--Nasdaq OMX crafting new trading functions aimed at retail, institutions
--Plans represent efforts to claw business back from "dark pool" venues
--High-frequency trading becoming less significant on Nasdaq markets
(Updates with comments from Nasdaq OMX executive, details on planned trading strategies, background on U.S. stock market.)
By Jacob Bunge
Of DOW JONES NEWSWIRES
Nasdaq OMX Group Inc. (NDAQ) is planning a range of new stock-trading services designed to strike back at private trading platforms like "dark pools," escalating the competition for stock orders of retail-level traders and institutional investors.
The New York exchange group in the coming months will roll out new strategies for buying and selling large chunks of stock and introduce split-second electronic auctions geared to improve the prices that individual investors receive on their stock trades, senior executives said Thursday.
The moves are geared toward recapturing share-trading business lost to banks and trading firms that run private stock markets that in many cases have become the first stop for orders of mutual funds and retail brokerage firms seeking to minimize the cost of doing business in the U.S. stock market.
"These are products that are really designed to take flow back from dark trading," said Eric Noll, head of transaction services for Nasdaq OMX, speaking to investors at a presentation in New York on Thursday.
Nasdaq OMX and other exchanges have ceded ground to dark pools over the past three years, as the overall level of stock trading has diminished and volatility generally has declined. Those factors have made it easier for institutions like mutual funds to complete big trades away from exchanges, because publicly available prices are less likely to quickly shift away from those being offered on private platforms.
Earlier this year the level of off-exchange stock trading crested above 34% of the U.S. market, and this month stands at approximately 32%. Nasdaq OMX's overall market share currently stands at 22%, according to data from BATS Global Markets.
The efforts outlined by Noll on Thursday, which require approval from regulators before they can be introduced, could collectively add as much as 10% to Nasdaq OMX's market share, he said.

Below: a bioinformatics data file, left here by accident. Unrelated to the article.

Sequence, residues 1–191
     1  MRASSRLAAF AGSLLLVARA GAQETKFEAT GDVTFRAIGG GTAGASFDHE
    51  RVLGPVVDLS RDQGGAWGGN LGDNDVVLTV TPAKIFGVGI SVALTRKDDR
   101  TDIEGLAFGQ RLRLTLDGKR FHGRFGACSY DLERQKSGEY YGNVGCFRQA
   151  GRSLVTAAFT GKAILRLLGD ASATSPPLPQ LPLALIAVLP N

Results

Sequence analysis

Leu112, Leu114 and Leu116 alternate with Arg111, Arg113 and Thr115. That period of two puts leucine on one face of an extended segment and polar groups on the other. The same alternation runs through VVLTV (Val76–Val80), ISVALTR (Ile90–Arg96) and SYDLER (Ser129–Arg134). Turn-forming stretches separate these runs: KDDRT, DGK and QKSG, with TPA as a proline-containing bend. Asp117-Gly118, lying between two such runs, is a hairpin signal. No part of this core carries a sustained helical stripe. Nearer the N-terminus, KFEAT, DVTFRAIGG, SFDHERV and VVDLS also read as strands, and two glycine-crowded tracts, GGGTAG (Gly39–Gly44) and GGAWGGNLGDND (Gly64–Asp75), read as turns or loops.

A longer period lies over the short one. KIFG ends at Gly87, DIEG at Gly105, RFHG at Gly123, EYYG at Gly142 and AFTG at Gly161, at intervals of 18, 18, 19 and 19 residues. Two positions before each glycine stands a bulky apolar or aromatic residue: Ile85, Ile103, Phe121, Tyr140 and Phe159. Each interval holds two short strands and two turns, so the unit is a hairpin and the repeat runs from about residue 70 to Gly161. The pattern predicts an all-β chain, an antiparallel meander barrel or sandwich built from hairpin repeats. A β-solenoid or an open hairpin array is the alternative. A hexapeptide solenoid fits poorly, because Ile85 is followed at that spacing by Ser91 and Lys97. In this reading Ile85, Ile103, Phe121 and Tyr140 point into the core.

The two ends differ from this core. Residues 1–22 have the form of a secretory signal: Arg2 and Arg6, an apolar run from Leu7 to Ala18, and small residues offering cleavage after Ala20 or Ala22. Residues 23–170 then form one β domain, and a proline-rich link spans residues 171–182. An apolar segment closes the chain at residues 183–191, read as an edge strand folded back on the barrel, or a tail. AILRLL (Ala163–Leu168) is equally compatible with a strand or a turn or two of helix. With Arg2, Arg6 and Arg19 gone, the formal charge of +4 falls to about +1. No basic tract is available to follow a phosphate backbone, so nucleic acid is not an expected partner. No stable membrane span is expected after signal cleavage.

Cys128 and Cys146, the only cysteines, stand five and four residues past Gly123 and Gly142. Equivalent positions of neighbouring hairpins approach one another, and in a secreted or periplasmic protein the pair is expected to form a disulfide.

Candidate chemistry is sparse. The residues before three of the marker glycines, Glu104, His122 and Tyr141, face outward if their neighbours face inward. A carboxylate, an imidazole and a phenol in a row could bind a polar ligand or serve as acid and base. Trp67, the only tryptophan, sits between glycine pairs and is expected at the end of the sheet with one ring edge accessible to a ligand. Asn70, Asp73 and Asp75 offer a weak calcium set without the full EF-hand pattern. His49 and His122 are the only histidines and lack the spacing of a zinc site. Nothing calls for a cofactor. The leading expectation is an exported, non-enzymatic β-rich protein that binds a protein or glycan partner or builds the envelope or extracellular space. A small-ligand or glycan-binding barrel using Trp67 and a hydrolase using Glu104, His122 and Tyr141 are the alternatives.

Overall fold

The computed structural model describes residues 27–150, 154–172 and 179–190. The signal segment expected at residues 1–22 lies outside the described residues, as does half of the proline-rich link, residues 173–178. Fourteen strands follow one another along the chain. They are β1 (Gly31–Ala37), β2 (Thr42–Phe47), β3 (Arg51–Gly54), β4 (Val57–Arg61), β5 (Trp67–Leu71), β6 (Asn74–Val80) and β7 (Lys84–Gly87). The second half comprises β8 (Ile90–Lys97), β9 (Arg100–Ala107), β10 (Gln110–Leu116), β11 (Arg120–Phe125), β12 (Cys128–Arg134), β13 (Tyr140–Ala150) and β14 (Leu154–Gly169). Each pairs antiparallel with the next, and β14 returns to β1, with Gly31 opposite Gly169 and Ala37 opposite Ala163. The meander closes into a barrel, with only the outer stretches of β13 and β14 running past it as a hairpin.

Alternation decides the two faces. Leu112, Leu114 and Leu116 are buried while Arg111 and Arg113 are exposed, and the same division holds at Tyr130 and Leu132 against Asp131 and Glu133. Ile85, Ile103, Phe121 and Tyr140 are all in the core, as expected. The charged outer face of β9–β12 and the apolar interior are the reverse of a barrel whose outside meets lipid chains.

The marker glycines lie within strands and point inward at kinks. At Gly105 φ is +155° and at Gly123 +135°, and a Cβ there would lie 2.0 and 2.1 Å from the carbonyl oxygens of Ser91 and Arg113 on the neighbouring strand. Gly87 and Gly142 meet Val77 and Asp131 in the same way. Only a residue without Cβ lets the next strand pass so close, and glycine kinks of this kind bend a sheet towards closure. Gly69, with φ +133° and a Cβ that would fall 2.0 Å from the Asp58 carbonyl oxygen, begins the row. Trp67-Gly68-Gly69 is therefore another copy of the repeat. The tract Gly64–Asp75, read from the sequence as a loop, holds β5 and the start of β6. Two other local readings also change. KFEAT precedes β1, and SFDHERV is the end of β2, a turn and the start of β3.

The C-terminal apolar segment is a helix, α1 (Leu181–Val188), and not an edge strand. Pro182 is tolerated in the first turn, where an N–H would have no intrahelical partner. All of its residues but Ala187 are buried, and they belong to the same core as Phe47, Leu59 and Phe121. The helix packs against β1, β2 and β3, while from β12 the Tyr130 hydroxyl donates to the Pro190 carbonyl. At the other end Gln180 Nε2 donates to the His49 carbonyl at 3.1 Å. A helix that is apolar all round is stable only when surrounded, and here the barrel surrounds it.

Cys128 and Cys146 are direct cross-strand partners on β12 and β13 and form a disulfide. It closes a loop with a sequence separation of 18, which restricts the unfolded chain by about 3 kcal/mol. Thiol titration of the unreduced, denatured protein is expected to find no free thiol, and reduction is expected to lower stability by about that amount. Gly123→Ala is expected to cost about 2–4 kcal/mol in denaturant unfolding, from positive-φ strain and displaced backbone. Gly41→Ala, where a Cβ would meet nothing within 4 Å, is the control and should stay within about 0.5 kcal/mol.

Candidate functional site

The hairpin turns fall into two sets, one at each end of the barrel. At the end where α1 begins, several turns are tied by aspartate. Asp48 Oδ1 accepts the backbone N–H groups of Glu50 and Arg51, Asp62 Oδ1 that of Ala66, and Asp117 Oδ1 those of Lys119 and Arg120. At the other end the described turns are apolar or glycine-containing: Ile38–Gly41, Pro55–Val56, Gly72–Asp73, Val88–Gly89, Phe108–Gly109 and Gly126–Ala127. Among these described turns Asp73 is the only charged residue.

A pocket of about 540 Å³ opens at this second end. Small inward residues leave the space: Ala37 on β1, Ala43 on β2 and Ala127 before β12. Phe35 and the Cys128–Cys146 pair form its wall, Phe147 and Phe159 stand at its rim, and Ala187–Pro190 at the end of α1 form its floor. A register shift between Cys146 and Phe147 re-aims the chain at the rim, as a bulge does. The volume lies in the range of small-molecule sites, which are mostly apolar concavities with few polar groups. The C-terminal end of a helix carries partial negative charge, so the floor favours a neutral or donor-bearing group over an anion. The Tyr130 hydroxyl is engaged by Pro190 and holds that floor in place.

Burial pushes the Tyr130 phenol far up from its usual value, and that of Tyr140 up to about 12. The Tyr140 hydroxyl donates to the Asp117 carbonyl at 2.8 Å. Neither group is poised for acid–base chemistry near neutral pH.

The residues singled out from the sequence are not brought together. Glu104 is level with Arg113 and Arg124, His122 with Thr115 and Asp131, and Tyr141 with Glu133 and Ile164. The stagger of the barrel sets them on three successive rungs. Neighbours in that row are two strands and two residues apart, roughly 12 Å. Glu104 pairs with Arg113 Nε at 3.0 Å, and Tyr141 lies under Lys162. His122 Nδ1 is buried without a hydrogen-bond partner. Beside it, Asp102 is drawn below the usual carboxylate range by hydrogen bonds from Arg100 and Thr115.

The company's planned "retail investor auction" program would counter a similar proposal put forth by rival NYSE Euronext (NYX) late last year. Both moves seek to pull individual investors' trading back onto exchanges.
The Nasdaq OMX program would run competitive "auctions" among market-making firms throughout the day in an effort to give an investor seeking to sell shares a higher price, or provide a lower sale price for a retail trader aiming to buy stocks. The auction idea draws from the options market, where exchanges run similar programs, Noll said.
By July, Nasdaq OMX separately aims to introduce a range of trading strategies that mimic those offered by brokers to institutional clients, designed to parcel out big stock orders to avoid tipping off faster-moving traders who could rapidly drive the price of the shares being transacted higher or lower.
"We're going to do it cheaper than [broker-dealers] can do it and offer it in a quick, transparent way to the customer base," Noll told investors. If investors pick up on the strategies, it could add 3% to 7% to Nasdaq OMX's slice of the U.S. stock market, he said.
Nasdaq OMX is refocusing on the business of individuals and institutions at a time when Noll said that high-frequency trading firms are becoming less significant players on the company's markets.
Wall Street banks like Morgan Stanley (MS), Bank of America Merrill Lynch and Barclays PLC (BCS, BARC.LN) have now taken the lead role in providing liquidity to Nasdaq OMX's platforms, a reversal from five years ago when high-speed proprietary traders were the main suppliers of prices, according to Noll.
High-frequency firms, meanwhile, have trimmed their business due to a broad decline in volatility, he said. Rapidly fluctuating prices provide a key venue for fast-trading firms to make profits.
"We're seeing [high-frequency trading] become a less and less important part of our business," Noll said. "To a large extent the marketplace is maturing."
-By Jacob Bunge, Dow Jones Newswires; 312 750 4117; firstname.lastname@example.org; Twitter: @jacobbunge
(END) Dow Jones Newswires
May 10, 2012 13:40 ET (17:40 GMT)
Copyright (c) 2012 Dow Jones & Company, Inc.